Mpox is a rare illness that causes a rash with blisters or sores. It is not a new virus like COVID-19. Mpox belongs to the same family of viruses as smallpox and cowpox. Mpox is a milder illness and is not as contagious as smallpox.

If you have mpox symptoms:

  • Call a healthcare provider to get tested for mpox.
  • Stay home if you feel sick.

If you are at HIGH RISK of exposure to mpox or have been exposed:

  • Call Prince William Health District at (703) 792-6300 or (703) 792-7300.
  • Ask if you are eligible for the Jynneos vaccine that MAY PREVENT you from getting mpox.


Signs and Symptoms

Know What to Look Out For


Images of rash that looks like pimples or blisters on a hand, wrist, thumb and back.

The most common mpox symptom is a rash that can look like pimples or blisters and may be painful or itchy. It might develop on one part of the body or on many parts of the body. 

Other possible symptoms:

  • Fever
  • Headache
  • Muscle aches and backache
  • Swollen lymph nodes
  • Chills
  • Exhaustion

The illness typically lasts 2-4 weeks. 

People with certain conditions may be more likely to develop severe illness. 

How Mpox Spreads

What You Need to Know

Anyone can get and spread mpox.

Mpox germs spread by:

  • From person-to-person from skin-to-skin contact
  • Touching sores or blisters
  • Sharing bedding or clothing
  • Kissing and intimate contact.

Infected individuals may be contagious from the time that symptoms start (fever/flu-like symptoms or rash) until all skin lesions have formed scabs and fallen off and no other symptoms are present. This can take 2-4 weeks.


Reduce the Spread of Mpox
  • Avoid close skin-to-skin contact, including sexual contact, with people who are sick or have a rash. 
  • Avoid sharing personal items.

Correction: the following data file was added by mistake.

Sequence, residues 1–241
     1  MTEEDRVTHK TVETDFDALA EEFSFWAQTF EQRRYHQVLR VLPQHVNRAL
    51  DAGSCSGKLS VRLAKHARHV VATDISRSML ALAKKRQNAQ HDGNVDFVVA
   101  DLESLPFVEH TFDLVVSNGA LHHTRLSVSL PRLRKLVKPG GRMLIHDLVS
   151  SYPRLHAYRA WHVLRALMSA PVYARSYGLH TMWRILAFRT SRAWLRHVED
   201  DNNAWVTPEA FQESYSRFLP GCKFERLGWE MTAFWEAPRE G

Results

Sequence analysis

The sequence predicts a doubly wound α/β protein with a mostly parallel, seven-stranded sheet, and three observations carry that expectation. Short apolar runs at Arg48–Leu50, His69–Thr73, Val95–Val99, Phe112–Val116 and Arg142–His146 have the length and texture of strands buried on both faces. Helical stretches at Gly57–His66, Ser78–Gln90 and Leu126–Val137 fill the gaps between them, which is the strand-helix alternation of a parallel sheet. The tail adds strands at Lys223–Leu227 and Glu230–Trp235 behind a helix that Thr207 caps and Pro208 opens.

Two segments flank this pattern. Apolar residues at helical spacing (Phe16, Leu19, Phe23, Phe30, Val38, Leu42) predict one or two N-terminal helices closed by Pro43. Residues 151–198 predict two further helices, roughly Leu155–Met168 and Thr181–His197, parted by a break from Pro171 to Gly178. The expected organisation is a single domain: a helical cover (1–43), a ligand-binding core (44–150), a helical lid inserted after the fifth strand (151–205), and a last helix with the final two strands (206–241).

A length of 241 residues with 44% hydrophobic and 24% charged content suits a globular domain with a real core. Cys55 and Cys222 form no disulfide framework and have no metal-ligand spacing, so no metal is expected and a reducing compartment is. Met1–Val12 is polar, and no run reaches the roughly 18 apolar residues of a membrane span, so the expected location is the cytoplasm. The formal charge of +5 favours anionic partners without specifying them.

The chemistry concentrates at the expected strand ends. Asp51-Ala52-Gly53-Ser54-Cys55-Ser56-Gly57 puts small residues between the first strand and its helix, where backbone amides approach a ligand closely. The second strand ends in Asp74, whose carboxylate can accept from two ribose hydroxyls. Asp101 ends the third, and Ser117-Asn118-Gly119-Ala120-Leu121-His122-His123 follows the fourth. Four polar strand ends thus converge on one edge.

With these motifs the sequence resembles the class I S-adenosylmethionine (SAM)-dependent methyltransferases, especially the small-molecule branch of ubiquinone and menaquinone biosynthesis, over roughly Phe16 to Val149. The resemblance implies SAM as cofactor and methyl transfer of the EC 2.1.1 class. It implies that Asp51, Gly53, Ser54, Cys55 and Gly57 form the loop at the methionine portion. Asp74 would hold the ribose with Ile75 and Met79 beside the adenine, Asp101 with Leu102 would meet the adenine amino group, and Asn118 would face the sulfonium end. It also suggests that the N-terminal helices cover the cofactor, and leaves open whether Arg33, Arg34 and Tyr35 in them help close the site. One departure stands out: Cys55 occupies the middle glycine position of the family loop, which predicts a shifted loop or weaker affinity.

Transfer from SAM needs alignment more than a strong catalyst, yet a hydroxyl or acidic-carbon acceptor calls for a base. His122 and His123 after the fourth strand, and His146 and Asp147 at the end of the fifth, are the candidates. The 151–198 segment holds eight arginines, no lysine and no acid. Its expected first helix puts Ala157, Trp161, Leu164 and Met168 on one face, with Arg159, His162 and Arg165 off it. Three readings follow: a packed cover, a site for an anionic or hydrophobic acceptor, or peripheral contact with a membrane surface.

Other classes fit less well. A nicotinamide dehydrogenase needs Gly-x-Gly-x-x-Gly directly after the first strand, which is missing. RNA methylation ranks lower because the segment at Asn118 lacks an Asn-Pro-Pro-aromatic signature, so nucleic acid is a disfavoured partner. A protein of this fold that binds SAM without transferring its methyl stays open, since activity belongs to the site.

• Clean and disinfect personal items before other use them.
  • Stay home and contact your doctor if you have symptoms.
  • Get vaccinated if you are exposed to mpox or are eligible. 

Remember to wash your hands often with soap and water or use an alcohol-based hand sanitizer, especially after contact with sick people.

Visit CDC's Mpox Prevention page to learn more. 

Get Vaccinated

JYNNEOS Vaccine Eligibility

The JYNNEOS mpox vaccine is recommended for individuals who have been exposed, or are at high risk of exposure, to the mpox virus.

You may be eligible for the JYNNEOS vaccine if you:

  • You had known or suspected exposure to someone with mpox
  • You had a sex partner in the past 2 weeks who was diagnosed with mpox
  • You are a gay, bisexual, or other man who has sex with men or a transgender, nonbinary, or gender-diverse person who in the past 6 months has had any of the following:
    • A new diagnosis of one or more sexually transmitted diseases (e.g., chlamydia, gonorrhea, or syphilis)
    • More than one sex partner
  • You have had any of the following in the past 6 months:
    • Sex at a commercial sex venue (like a sex club or bathhouse)
    • Sex related to a large commercial event or in a geographic area (city or county for example) where mpox virus transmission is occurring
    • Sex in exchange for money or other items
  • You have a sex partner with any of the above risks
  • You anticipate experiencing any of the above scenarios
  • You have HIV or other causes of immune suppression and have had recent or anticipate future risk of mpox exposure from any of the above scenarios
  • You work in settings where you may be exposed to mpox:
    • You work with orthopoxviruses in a laboratory

VDH has adopted CDC mpox vaccination recommendations.

The best protection against mpox occurs 2 weeks after the second shot of the JYNNEOS vaccine.

Remember it is never too late to get the second dose of the JYNNEOS vaccine even if someone received their first dose months prior. 

Testing and Treatment Information

More information is available at the Virginia Department of Health and CDC.

Webpage last updated: 12/19/2023